Crack down on 'bad apple' gun dealers

Story highlights

  • Ruben Gallego and Dan Gross: We have seen too many mass killings from guns this summer
  • Attorney General Loretta Lynch should lead a national effort to identify, reform, and prosecute "bad apple" gun dealers

Ruben Gallego is U.S. Representative for Arizona's 7th congressional district. Dan Gross is president of the Brady Campaign and Center to Prevent Gun Violence. The opinions expressed in this commentary are solely those of the authors.

(CNN)Charleston, South Carolina. Chattanooga, Tennessee. Lafayette, Louisiana. What do they have in common? Deaths of innocent people from guns.

For many Americans, the profound sadness of mass killings this summer in these cities is compounded by the frustrating sense that these events are being met with nothing more than hand-wringing and empty rhetoric.
This kind of bloodshed has become an accepted fact of American life, facilitated by an irresponsible corporate gun lobby and too many politicians, particularly Republican leadership in Congress that refuses to do the will of the American people. Yet, despite the polarizing politics that define this issue, there is still much that can be done to address the scourge of gun violence in America.
    Dysfunction in Washington is no excuse for inaction in our cities, towns, states and communities. With 89 Americans killed every day by guns, and another 300 injured, we must act now to dramatically reduce gun injuries and deaths in America.
    The time has come for responsible gun sellers to become stronger partners in the fight against gun violence, and for federal authorities to crack down on dishonest, irresponsible, and criminal gun dealers.
    Across America, just 5% of gun dealers supply nearly 90% of all the crime guns that police recover on our streets. Gun dealers are the gatekeepers for ensuring that guns stay out of the wrong hands and it's time for them to play their part in keeping our communities safe.
    For example, a more scrupulous gun dealer in Charleston would have waited for the result of an FBI background check, which should have shown that Dylann Roof admitted to unlawful drug use. This would have denied the sale of the weapon that made it possible for Roof to walk into Emanuel African Methodist Episcopal Church and allegedly kill nine people, including its pastor, state Sen. Clementa C. Pinckney.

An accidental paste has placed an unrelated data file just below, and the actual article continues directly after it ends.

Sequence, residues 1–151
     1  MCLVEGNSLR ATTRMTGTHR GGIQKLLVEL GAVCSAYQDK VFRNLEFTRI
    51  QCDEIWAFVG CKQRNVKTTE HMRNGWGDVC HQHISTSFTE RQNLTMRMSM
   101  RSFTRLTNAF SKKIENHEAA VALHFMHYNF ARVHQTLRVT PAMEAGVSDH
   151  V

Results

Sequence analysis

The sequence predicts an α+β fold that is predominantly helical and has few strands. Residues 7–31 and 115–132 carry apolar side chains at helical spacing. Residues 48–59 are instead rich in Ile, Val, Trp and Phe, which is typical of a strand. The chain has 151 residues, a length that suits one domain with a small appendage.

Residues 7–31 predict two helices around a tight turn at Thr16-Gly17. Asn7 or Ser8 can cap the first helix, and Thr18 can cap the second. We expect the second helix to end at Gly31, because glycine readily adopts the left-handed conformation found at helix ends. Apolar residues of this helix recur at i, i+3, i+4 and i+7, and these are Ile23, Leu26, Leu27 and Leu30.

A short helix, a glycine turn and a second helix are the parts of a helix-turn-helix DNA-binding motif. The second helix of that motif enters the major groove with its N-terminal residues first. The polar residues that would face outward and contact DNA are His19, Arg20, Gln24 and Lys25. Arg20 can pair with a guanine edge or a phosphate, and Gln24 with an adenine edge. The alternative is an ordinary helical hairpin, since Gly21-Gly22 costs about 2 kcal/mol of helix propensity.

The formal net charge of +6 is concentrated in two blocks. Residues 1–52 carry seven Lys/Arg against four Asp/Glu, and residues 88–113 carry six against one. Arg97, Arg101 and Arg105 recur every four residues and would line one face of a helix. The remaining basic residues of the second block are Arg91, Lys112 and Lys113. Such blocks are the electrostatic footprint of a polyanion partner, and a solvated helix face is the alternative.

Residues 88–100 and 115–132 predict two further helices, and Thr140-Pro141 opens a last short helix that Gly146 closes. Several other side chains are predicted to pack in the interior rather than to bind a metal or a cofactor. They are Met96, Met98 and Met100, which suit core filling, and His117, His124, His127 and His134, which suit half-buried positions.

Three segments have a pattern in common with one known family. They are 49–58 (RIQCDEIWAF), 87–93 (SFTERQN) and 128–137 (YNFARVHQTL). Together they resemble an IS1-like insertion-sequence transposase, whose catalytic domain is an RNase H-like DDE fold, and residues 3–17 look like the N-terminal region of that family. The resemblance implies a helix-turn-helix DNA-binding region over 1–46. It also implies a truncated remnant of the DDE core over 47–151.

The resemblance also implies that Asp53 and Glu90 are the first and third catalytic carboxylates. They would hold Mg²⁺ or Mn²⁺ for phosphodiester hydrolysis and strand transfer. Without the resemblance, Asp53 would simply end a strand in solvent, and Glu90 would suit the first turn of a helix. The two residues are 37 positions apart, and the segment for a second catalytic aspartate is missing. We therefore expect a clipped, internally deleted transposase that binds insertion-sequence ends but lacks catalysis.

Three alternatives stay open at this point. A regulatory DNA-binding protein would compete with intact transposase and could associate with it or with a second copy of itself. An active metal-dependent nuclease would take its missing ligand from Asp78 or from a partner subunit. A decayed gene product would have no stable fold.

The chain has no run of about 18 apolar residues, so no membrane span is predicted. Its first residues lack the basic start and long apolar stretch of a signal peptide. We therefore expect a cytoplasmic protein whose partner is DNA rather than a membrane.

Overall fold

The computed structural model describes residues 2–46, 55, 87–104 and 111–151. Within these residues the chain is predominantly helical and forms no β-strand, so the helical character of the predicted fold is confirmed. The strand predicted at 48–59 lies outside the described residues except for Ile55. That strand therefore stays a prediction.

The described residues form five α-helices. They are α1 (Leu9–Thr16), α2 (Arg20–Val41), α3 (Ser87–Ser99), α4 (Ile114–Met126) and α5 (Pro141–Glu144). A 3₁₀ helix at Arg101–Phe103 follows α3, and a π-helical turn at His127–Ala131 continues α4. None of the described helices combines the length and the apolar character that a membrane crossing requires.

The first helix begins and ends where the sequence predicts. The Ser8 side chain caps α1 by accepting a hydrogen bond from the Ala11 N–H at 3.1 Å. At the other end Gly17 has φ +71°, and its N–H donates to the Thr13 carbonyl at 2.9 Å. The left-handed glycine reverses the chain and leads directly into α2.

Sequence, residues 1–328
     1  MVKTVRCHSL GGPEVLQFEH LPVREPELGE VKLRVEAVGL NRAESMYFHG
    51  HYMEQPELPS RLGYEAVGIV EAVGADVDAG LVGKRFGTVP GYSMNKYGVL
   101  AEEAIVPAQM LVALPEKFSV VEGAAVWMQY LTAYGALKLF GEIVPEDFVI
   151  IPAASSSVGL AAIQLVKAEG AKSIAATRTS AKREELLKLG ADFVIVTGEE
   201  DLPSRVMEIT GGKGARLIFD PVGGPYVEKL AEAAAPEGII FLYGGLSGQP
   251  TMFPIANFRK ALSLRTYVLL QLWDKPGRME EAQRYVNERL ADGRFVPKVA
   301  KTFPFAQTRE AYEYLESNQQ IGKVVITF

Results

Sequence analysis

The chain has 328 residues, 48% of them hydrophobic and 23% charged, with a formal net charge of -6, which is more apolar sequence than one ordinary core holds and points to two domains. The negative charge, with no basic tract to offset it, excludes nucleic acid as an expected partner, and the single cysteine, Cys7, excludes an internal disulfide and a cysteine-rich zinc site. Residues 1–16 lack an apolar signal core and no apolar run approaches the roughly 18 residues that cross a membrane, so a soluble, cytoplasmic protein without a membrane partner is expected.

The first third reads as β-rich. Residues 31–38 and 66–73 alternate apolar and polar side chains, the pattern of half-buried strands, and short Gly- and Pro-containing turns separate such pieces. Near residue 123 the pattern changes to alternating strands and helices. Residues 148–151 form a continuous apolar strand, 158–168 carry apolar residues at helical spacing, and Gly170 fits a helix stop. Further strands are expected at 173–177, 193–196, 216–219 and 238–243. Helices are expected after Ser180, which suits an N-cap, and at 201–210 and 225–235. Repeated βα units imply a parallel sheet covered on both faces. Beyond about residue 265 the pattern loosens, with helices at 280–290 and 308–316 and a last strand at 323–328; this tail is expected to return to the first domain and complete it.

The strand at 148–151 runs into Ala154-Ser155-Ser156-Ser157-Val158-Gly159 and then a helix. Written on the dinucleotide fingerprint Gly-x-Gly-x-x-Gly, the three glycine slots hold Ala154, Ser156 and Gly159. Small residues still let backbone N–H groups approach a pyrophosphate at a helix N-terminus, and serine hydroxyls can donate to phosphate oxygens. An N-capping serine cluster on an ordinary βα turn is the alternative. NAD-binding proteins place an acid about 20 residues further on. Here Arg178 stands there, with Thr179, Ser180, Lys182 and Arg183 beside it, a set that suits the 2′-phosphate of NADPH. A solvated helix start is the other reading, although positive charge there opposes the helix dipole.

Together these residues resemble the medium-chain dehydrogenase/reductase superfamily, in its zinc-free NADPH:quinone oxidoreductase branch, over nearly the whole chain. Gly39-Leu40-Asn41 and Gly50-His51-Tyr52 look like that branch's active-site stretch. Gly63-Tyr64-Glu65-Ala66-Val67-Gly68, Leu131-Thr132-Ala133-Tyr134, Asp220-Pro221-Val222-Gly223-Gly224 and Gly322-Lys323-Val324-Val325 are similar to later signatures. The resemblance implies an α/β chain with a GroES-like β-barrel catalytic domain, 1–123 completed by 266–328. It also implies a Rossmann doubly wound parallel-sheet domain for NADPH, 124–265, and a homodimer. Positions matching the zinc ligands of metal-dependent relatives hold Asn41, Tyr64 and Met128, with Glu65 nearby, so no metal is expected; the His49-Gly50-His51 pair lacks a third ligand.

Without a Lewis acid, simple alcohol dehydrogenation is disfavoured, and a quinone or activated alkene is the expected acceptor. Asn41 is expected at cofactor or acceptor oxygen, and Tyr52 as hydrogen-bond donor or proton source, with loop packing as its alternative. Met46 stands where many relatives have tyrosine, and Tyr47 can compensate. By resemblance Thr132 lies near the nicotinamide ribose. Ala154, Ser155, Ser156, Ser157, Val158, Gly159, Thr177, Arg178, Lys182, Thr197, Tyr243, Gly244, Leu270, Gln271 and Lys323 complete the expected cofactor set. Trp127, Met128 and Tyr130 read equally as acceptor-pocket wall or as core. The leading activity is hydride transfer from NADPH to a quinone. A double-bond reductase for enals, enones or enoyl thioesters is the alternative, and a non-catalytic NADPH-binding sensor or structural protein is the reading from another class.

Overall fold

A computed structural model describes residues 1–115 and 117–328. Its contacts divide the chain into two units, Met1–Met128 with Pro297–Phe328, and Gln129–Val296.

The Charleston killer was able to obtain his handgun because of an absurd provision that provides gun dealers with the discretion to sell a gun to a prospective purchaser after three business days, even before the dealer knows whether the buyer has passed a Brady background check. Crucially, if the background check is not completed in three business days, we know that the buyer is much more likely to be a prohibited purchaser.
    In the Charleston case, the FBI has acknowledged that there was a breakdown in the system, but a completed and accurate Brady background check would have detected that Roof violated the law, and flagged him as a prohibited purchaser.
    Unfortunately, the circumstances in Charleston are hardly unique. In the past five years alone, dealers sold guns to more than 15,000 prohibited people. That's an average of more than 10 prohibited people securing access to guns each day thanks to irresponsible gun dealers.
    While Congress should certainly take action to close critical gaps in our gun laws and expand Brady background checks to all gun sales, gun dealers should not wait on Congress to take the steps necessary to prevent dangerous people from obtaining weapons.
    The Brady Campaign has devised a smart, simple Gun Dealer Code of Conduct that can dramatically reduce gun injuries and deaths now. Among its key provisions is a requirement that dealers not sell any gun without a completed background check -- a policy that Walmart, the nation's largest seller of firearms, voluntarily implemented in 2002, with success. Broad adoption of the Brady Code of Conduct would prevent dangerous people from getting guns and thus reduce gun crimes, injuries and deaths across the board.
    Similarly, there's no reason for the Department of Justice (DOJ) and the Bureau of Alcohol, Tobacco, Firearms and Explosives (ATF) to wait to aggressively pursue America's top suppliers of crime guns.
    Indeed, this relatively small group of "bad apple" gun dealers is responsible for supplying almost the entire illegal market. In light of these troubling statistics, DOJ and ATF can and must do more to hold accountable gun dealers that put the public and our communities at risk.
    That is why we recently wrote to Attorney General Loretta Lynch urging her to lead a national effort to identify, reform, shut down, and -- where appropriate -- prosecute "bad apple" gun dealers.
    DOJ and ATF's efforts should include focused, annual inspections of dealers supplying crime guns and public disclosure of information related to the supply of crime guns. Armed with robust data, communities across the country will be better equipped to name and shame the "bad apple" dealers whose business practices put our families at risk -- a tactic we have already employed on a limited basis in Phoenix and other major cities.
    We don't need more mass killings like those in Newtown, Connecticut; Aurora, Colorado; Tucson, Arizona. Countless gun tragedies have incited plenty of pain and too little progress.
    Even as we fight to expand Brady background checks to all gun sales, including those online and at gun shows, we must insist that gun dealers in our communities adopt best business practices, and the Obama administration must commit to cracking down on those who can't -- or won't -- act responsibly.